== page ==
Trader thoughts - the long and short of it

The world’s financial markets are the very picture of calm and tranquillity, where the short sellers are getting squeezed and the bulls are once again dominating.

Market data
Source: Bloomberg

The MSCI World Stock Index (trade the URTH ETF) is trading at a new all-time high. European markets have found their mojo and whether we look at the set-up on the DAX or the EU stocks 50 indexes, the current set-up on the daily chart suggests the higher probability trade is for higher levels here. The S&P 500 is a whisker away from the all-time high of 2490.87 set on 8 August. We will be watching the S&P 500 futures through Asia today to see if the futures index can print a new high here. Both the Dow Transports and the Russell 2000 index closed 1.1% higher, giving the move in equity backbone, while we can see 88% of stocks higher on the S&P 500, showing solid breadth in the days buying.

In Asia, we can see very bullish set-ups in the Hang Seng and India 50 (happy to go long on these markets), while the ASX 200 and Nikkei 225 are pushing closer towards the top end of their trading ranges.

We have also seen some strong performance from US high yield corporate credit, with spreads coming in 11 basis points (investment grade credit spread closed 3bp tighter), and again this stamps the approval that today’s US session was of good quality, backed by S&P 500 volumes 7% above the 30-day average. All sectors rallied, providing Asia with a solid platform to move higher, despite many themes that have pushed up European and US markets playing out in our time frame yesterday and thus partially in the price.

Perhaps a good way to visualise this pricing is that despite S&P 500 futures trading up 0.4% at the ASX 200 close yesterday (at 4:10pm AEST), we can see they sit 0.6% higher now. It’s no surprise, therefore, that SPI futures are trading up 21 points (or 0.5%) and our call for the Aussie equity market suggests an open at 5737. Traders had bought into Aussie (and broader Asian) stocks yesterday on the idea that Hurricane Irma is unlikely to cause the damage some had feared, while the rebuilding process will add to growth in the quarters ahead, not to mention the absence of anticipated missile tests from North Korea, most of this news flow is in the price. However, there is no doubt that sentiment has picked up here and implied volatility has moved lower with a certain calmness returning to markets.

Interestingly, we can see that the broad improvement in financial conditions has propelled market pricing around potential tightening from the Federal Reserve this year from around 25% (on Friday) to currently sit at 35%; so a chunky move in Fed expectations. The US 2’s v 10’s fixed income curve has steepened a touch to 81 basis points (bp), with selling in longer-term rates somewhat more aggressive than that of short-term rates. This, in turn, has lifted US financials by 1.7% (and should support Aussie banks), with the US dollar index (DXY) gaining 0.7% and the greenback rallying against all G10 currencies, except the CAD, which is the star of the FX show. USD/JPY has been well traded and finds itself pushing into ¥109.50. It’s eyeing a move into key supply seen in the ¥111.00 to ¥110.50.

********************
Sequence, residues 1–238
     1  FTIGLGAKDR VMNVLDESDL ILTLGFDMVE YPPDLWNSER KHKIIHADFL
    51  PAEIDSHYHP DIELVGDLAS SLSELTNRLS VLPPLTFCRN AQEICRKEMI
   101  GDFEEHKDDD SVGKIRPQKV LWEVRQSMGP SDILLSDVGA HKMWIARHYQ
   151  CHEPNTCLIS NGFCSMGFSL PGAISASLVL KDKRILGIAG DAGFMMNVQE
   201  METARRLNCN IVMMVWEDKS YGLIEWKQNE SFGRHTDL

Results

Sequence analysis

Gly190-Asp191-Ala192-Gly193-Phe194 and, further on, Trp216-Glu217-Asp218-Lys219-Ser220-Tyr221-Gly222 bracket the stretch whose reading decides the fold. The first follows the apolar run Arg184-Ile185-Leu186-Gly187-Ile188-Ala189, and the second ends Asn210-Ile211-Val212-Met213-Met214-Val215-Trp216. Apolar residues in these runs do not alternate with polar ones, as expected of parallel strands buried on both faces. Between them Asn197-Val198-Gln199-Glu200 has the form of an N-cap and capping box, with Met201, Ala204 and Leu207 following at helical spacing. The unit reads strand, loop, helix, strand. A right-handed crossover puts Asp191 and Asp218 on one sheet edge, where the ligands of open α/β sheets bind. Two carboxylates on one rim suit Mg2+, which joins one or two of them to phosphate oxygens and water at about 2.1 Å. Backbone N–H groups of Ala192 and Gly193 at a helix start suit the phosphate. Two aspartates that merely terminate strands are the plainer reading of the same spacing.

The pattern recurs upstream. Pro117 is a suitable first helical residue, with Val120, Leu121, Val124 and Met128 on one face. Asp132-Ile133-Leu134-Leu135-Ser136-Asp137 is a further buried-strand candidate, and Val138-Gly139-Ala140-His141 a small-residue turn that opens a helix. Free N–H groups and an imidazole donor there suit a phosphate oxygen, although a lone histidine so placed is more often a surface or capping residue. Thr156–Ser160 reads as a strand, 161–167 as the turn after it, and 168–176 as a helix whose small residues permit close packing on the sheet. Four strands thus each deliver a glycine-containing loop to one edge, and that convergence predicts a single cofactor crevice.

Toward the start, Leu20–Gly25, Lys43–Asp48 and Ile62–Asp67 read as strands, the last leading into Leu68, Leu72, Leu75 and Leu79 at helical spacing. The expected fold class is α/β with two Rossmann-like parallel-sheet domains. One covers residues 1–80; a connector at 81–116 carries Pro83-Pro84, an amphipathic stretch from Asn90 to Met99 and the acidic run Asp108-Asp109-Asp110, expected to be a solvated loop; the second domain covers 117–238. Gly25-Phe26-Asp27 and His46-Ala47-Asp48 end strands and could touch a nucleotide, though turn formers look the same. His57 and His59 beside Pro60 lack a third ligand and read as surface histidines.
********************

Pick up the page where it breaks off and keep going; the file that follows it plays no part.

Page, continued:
AUD/USD is also on the radar, as this pair is over owned in a huge way and Friday’s pin bar reversal is playing out in textbook fashion, with the pair moving into the lower 80c level and the probability that a short-term move into $0.7950 to $0.7900 looks ominous. Today’s NAB business confidence print (released at 11:30am AEST) shouldn’t move the pair to any great capacity.

My set-up of the day is EUR/CAD though and a close through c$1.4480 (strong horizontal support through July) would open up sizeable downside risks.

Back in equity land, we saw a strong rotation from funds switching from ASX materials into financial stocks yesterday. Today we should see both sectors working higher today, with BHP expected to open 1.6% higher and Vale’s US-listing closing 1.3% higher, so both names indicate a more upbeat feel to Aussie miners. US crude prices have closed 1.3% higher and have retraced close to 50% of the losses seen on Friday. Spot iron ore was smashed 5%, but more importantly has been the 1.8% and 1% rally in iron ore and steel futures traded on the Dalian exchange in China. Coking coal futures have risen an impressive 4.2%. 

Gold stocks have had their time in the sun, it seems, and the moves higher in US bond yields and the USD have seen gold move 1.5% lower. The gold miners ETF (GDX ETF) closed lower by 2.7% on the NYSE. Importantly, spot gold is holding $1326 (the 29 August high and also 5 September low). A break below here could see the metals target $1300/1299, although this will be dictated too, by the short-term moves in US bond yields, which in turn will take direction by the two key event risks for the week – Thursdays core CPI and Fridays US retail sales report. The gold bulls will want to see a weak number in both reports, causing ‘real’ yields to head back lower.

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